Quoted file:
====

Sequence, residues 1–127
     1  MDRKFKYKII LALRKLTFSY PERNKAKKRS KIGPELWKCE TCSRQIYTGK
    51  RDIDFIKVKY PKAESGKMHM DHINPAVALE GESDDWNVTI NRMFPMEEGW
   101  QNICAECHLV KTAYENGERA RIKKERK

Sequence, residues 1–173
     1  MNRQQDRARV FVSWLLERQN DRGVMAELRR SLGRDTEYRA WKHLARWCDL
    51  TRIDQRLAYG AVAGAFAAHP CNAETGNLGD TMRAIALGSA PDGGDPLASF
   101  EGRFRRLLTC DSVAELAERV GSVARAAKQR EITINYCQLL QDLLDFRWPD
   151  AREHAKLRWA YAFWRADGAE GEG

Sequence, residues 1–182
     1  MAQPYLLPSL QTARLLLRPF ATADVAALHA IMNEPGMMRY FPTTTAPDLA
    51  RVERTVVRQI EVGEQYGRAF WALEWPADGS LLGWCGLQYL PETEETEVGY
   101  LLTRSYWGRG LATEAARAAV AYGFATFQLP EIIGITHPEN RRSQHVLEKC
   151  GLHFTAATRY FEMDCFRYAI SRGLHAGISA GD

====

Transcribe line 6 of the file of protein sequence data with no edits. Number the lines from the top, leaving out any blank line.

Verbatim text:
     1  MNRQQDRARV FVSWLLERQN DRGVMAELRR SLGRDTEYRA WKHLARWCDL